Stability by Microencapsulation – A novel formulation for long term preservation of Probiotics


Probiotic ingredients are nowadays used for a wide range of health benefits, many of those can be shown in studies to have good health effects on the end user. It is possible to buy probiotic food and nutraceuticals, as well as pharmaceuticals in pharmacies and supermarkets all over Europe. However, the health benefit of those available products is very much depending on the time of use, as those contain free and untreated probiotics, that tend to degrade over time of transport and storage. Pharmaceutical products containing probiotics have often to be stored at last refrigerated, in some cases even deep frozen. That adds a lot of costs to transport and storage and renders a product inconvenient for the user. To overcome those drawbacks, new ways of delivering probiotics have to be found.

In the past years, microencapsulation was used to produce stabilized particles with probiotics. However, those formulations had a low yield in the encapsulation performance – meaning the finally entrapped probiotics in comparison to the probiotics used for producing the particles –, the transport and storage stability was not increased much over the natural form and the release in the intestine, where the probiotics are finally active, was not clearly controllable. The transport and storage stability is – besides the inconvenience for the customer – just a miner issue in highly developed countries as western Europe. However, in countries as Africa or India, and also in China or South-East Asia, where temperatures often reach 40°C and more, temperature stability is an issue. As long as not even the stability of the production between purchase and home use can be guaranteed or if the truck transport is uneconomically expensive when using cooling trucks, those countries cannot be targeted.

This shows clearly the need for new formulations that solve those issues and provide a high encapsulation rate, easy transport and storage as well as controlled release properties.

The first step to achieve this formulation, jointly developed by Vesale Pharma and Brace, was the use of the BRACE Microencapsulation processes. Those are extrusion processes that produce Microspheres or Microcapsules, i.e. matrix- or core-shell-encapsulated formulations, with a very narrow size distribution. As a very wide range of shell materials can be used, those processes are extremely flexible and can be used to generate particles in a diameter range of ca. 20 – 10000µm. Henceforth, the active material that will be encapsulated can be supplied as a formulation optimized to the application. As additional advantage, these processes are cost efficient and easy to use, can therefore be deployed in many different labs and production facilities all over the world.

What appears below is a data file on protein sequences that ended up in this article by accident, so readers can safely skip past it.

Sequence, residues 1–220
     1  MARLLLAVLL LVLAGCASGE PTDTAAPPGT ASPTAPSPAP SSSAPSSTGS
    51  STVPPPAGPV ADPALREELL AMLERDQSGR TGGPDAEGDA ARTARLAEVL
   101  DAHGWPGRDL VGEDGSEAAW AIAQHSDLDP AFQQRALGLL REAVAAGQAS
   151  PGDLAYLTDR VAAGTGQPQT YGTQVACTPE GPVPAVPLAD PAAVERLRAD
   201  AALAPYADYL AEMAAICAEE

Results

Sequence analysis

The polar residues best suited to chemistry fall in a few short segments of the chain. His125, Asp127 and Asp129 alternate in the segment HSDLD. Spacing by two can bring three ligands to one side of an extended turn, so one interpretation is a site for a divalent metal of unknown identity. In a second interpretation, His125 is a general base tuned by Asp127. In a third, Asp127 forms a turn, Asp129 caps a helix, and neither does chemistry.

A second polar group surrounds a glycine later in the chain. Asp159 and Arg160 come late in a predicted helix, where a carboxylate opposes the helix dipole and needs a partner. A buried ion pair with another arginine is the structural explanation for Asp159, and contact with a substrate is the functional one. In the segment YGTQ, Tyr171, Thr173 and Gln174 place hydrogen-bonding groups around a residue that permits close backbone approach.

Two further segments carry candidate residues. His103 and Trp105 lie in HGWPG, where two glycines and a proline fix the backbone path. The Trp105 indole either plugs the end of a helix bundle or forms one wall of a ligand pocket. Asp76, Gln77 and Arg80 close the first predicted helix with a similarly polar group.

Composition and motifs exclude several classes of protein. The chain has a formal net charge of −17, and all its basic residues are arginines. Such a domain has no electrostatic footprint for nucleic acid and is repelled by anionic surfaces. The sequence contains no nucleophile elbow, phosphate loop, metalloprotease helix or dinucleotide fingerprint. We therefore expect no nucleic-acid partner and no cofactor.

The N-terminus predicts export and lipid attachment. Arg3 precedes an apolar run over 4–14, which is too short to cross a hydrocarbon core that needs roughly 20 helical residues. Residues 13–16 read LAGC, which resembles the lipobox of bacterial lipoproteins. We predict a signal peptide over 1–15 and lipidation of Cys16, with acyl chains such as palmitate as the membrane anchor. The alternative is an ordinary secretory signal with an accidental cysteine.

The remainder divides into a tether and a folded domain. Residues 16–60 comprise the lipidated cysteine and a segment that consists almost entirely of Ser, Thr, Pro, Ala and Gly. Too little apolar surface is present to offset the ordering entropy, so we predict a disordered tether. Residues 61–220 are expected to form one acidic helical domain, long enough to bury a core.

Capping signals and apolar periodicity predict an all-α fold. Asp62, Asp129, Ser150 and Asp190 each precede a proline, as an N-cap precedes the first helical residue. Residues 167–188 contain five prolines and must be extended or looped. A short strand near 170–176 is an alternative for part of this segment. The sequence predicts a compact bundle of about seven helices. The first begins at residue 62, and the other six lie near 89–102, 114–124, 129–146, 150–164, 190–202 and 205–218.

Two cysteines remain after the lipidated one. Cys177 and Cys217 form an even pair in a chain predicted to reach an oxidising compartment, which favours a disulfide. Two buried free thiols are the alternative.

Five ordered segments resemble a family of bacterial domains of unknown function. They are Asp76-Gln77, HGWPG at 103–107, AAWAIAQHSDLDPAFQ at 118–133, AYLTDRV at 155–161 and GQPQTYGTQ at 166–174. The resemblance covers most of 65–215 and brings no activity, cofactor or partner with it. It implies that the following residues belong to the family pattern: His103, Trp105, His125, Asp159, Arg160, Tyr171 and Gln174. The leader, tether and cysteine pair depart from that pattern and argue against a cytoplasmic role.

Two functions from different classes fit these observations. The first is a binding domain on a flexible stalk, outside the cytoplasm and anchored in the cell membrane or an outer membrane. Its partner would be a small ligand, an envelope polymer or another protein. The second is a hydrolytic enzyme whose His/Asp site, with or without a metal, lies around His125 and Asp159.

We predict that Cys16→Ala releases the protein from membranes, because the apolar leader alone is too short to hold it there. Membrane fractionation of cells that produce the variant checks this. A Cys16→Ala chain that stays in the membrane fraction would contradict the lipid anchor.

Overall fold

In this comparative study a commercial available Bifidobacterium lactis 300B was encapsulated with to show a strongly prolonged high temperature stability as well as a high encapsulation efficiency. The encapsulation was performed by using BRACE vibrational nozzle processes at the BRACE laboratory.

The materials that have been used for encapsulation were a commercially available alginate BR-GM, two experimental starches BR-07 and BR-08 (BRACE), Dextrin (Sigma), CMC (Dow Chemical), HPMC (Harke Pharma), Microcrystalline Cellulose (Rettenmayer) and Polymaltotriose BR-P (BRACE). The alginate was always the base (1.5 wt%) and the other materials were used as filler materials.


Table 1 : Samples prepared

1.5 % BR-GM

Filler 1.5%

Sample A


Sample B


Sample C

Microcrystalline Cellulose

Sample D

Starch BR-07

Sample E

Starch BR-08

Sample F


Sample G

Polymaltotriose BR-P


The preparation of the particles was performed with a Spherisator M and Spherisator L device. With the recipes it was possible to produce uniform Microspheres with a very tight size distribution (figure 1).

Probiotic Microcapsules

It could be shown that it was possible to encapsulate with all filler materials at high encapsulation efficiency the bacterias.

Graph 1

The produced Microspheres were freeze dried and the cell count was measured. Here it could be shown that the highest survival rate was achieved with BR-P as filler.

Graph 2

After the encapsulation the samples were stored at 4°C and 22°C. The survival rate was regulary. Only the two best samples A and G were investigated.

It was found that the sample G with BR-P as a filler had the highest survival rate during the controlled period at room temperature (figure 2). At elevated temperature (40°C) the survival rate stayed almost identical (data not shown, [3]).

Graph 3


This development shows that the newly developed formulation is far advanced and more relyable as currently commercially available probiotic formulations. Especially the temperature and high temperature stability is given and significantly increased.

This new formulation is already introduced into the market and commercialised [Pat 2011, Pat 2012], however, the development continues to optimize temperature stability further, reduce loss during processing and drying as well as the adaptation for new and different strains of probiotics.


The study was mainly performed in the BRACE laboratory by Mrs. Oiana Pop.


[Pat 2011] Quintens, J., de Jeudi, J., Brandau, T., Strohm, H., Schwinn, J. Microencapsulated Probiotic Substance, EP11151686

[Pat 2012] Quintens, J., de Jeudi, J., Brandau, T., Strohm, H., Schwinn, J. Microencapsulated Probiotic Substance, PCT/EP2012/050895